material points + size multipliers for ancient items

I running a game in the Rhine tribunal, city of Trier, and will have my players find a few mundane objects from the roman era in the ruins:

an old pair of leather shoes
a vase
a bronze bracelet

Now it seems to me that these items should have their points and mutipliers raised due to 1. their age, 2. the fact that they are connected with the romans, 3. the fact that they have been sitting in a magical aura for so long.

So what would be the approrpiate points/mutlipiers?
Yes, I know the answer is whatever I want, its my game. I am interested in what others think would be a reasonable answer.

Also, does anyone have any unique ideas for form and effect bonuses for such roman items, other than those normally listed.
By the way, I wanted to present these items, because vis and silver just arent that exciting or cool: been there, done that.

I like the creativity and thinking outside the box! I agree that even age alone should make items "more magical" ... but how to express that in terms of game mechanics, as you ask.

When you say "their points and multipliers", what game mechanic(s) are you referring to? Their Shape and Material bonuses if they are incorporated into enchanted items? The amount of vis they could have instilled in them if they were made into an invested enchanted item? ...

Use the normal size/material but then add some number perhaps equal to the warping points from sitting in the aura for so long.

oops :open_mouth:

I had not considered warping! What would an item look like after being in a low level aura for 700-900 years? :confused:

I know that there is nothing about preservation inherent in an aura afaik (but my game, so leather shoes can survive undegraded in an aura), but agian never considered warping.

That is a great idea. One could consider any combination of increasing/changing Shape & Material bonus as well as effective size for enchantment level.

I also like the idea of warping, of course such items would warp...physically as well as non-visible effects. Perhaps those shoes have a tendency to walk their own way at times?

ok lets get a bit more specific,

So we have a 700-990 roman vase that has survived in a level 2 magical aura. On the vase is a picture of a battle.

I think normally it would have the stats of :
material points 3
size multiplier x3
FF bonus qua containter +5 create and transform within,

now material points go all the way to 20
size multiplier ranges to x5
So how high would be appropriate, should they reach the limits?

As for FF bonuses, I was thinking that the picture on the side of the vase could also offer another FF bonus.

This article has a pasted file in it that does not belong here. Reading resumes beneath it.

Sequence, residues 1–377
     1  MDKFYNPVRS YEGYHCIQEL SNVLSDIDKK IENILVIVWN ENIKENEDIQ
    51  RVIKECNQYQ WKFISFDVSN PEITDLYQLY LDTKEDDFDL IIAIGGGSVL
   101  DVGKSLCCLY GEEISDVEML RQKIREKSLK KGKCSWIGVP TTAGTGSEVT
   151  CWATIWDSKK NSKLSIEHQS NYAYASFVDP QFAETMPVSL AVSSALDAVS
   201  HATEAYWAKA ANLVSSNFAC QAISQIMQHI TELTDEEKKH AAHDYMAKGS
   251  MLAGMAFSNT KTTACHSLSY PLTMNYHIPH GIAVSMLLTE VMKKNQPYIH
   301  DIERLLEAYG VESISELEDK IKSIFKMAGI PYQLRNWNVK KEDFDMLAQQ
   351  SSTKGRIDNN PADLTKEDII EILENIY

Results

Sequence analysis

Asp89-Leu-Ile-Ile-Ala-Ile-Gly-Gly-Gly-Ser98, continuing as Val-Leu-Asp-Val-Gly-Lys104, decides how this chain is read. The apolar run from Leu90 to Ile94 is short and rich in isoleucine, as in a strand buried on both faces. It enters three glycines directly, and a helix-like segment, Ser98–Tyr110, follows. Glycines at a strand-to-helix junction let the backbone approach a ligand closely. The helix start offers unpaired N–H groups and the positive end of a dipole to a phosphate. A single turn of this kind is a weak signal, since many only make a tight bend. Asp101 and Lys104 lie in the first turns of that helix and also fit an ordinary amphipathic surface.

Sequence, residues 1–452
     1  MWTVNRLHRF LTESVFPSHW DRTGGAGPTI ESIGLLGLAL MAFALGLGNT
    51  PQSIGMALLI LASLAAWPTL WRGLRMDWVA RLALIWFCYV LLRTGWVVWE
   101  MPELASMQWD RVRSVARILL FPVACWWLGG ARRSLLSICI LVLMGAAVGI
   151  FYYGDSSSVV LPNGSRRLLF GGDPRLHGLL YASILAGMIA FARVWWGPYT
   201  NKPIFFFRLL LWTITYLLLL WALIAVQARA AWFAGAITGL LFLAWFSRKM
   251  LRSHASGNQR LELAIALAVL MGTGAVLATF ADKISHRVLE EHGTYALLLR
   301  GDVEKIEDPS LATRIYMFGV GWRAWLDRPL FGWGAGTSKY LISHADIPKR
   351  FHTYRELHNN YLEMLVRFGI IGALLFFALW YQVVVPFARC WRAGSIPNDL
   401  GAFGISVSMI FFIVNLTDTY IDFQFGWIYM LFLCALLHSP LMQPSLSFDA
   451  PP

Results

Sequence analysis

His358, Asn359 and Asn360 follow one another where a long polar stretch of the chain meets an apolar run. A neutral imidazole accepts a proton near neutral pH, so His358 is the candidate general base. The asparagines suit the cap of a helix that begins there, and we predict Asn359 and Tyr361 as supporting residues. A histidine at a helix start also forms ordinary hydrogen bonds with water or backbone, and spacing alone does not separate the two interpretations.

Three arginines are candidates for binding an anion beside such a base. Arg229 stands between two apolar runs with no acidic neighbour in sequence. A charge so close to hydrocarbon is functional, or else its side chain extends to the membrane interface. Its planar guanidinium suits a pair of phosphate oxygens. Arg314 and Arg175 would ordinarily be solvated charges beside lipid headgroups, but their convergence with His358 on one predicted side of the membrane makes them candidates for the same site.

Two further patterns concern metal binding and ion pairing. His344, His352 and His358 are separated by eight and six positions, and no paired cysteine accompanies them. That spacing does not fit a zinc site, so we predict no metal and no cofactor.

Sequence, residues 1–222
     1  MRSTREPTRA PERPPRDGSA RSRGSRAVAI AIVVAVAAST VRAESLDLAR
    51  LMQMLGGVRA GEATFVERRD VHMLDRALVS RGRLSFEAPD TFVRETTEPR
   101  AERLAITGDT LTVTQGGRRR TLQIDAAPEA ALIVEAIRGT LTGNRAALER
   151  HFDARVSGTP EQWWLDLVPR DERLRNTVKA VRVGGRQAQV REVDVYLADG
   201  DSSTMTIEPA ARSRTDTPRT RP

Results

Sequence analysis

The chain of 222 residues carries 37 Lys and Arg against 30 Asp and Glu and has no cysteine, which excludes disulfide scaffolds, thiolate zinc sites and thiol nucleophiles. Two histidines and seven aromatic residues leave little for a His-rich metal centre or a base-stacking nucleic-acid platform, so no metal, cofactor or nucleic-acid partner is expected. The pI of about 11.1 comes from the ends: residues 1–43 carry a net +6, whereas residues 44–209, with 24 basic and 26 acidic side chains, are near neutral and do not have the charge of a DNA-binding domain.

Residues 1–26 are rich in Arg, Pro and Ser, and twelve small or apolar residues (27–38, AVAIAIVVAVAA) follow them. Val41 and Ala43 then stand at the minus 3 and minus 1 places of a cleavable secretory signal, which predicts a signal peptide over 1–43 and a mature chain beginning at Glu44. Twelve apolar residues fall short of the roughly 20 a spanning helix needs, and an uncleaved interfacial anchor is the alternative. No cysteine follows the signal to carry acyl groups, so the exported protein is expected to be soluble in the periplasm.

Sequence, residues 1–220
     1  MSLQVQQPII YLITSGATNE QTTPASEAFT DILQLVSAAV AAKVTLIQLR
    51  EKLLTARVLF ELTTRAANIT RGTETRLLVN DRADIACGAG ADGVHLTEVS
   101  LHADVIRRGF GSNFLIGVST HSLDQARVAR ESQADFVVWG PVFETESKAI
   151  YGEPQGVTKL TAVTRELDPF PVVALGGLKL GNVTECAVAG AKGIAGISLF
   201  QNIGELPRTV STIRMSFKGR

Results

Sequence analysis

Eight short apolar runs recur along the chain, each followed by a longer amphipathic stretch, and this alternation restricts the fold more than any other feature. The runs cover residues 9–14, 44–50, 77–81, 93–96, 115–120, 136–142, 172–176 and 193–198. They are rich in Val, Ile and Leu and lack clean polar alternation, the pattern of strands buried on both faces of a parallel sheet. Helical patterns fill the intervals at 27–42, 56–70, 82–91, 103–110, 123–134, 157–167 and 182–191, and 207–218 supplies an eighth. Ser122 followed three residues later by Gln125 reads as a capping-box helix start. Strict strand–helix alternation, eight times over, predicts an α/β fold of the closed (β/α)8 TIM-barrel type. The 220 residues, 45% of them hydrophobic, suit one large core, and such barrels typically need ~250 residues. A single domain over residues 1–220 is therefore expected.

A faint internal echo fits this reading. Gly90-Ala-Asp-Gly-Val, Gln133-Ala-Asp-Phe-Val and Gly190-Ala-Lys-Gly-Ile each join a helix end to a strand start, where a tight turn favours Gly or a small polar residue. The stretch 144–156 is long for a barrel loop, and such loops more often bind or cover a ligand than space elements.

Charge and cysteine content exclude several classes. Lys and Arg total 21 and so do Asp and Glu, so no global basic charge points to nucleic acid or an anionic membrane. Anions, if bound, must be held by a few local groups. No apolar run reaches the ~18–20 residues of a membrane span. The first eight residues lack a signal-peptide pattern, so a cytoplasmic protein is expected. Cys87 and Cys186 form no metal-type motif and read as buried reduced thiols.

any thoughts?

Heres a related story idea, which doesnt fit into my saga:

The PC's are given a copy of of Thucydides the "history of Peloponesian War" form a refugee Jerbiton (perhaps one of the only copies in the order- not sure about its availability in 1220). By the way this is an excellent book, I highly recomment it!! ... nesian_War

Any players that read it could use it as an aid to finding various battle sites or even the location of the pit in which the athenians and their allies were imprisoned.

With this info they can find all sorts of cool mundane, but ancient objects.

So why would players go questing for ancient mundane items?

Well if you extend their properties in the way I suggest then there is plenty of reward.

Another thing that might draw the players into looking for ancient battle sites, perhaps contacting the ghosts of ancient generals, or ntoable figures.

Sicily has many important battle sites and there are still many city ruins.

Salvete, Sodales!

Most characters would be more than unlikeley to go for mere mundane stuff, even if it had some properties which would increase the usefulness for enchantments. Some Verditii might be the exception, but most of them prefer to craft their stuff themselves from scratch which improves it for them. But it is more than likely that not every item there was mundane. The banners might have been enchanted with ancient 'luck in battle' charms, perhaps the generals and some heroes had enchanted weapons (more effective in pre-Parma time); there could have been some storms captured in a a container, and finally you can hope to find texts showing details of magical pratices long forgotten. The average seeker will see a great potential for new insights. Then there are all those conjurers of ghosts, most prominent among them our dear friends from house Tremere. Some make a habit out of going to old battlefields to enslave the souls trapped there- other magi, mostly religously orientated ones, would like to lay them to rest. Of course, it is nearly certain that the place of a great historical battle contains vis.
Magi don't need to be sure that they find such stuff there, but when they see a reasonable chance for such a reward, someone should be tempted to set off. Ah, and if you want them to admire and kepp a pair of old boots, just say that the vis of the site has manifested in them and is spell-like vis (cf. RoP:M).

Vale, Alexios ex Miscellanea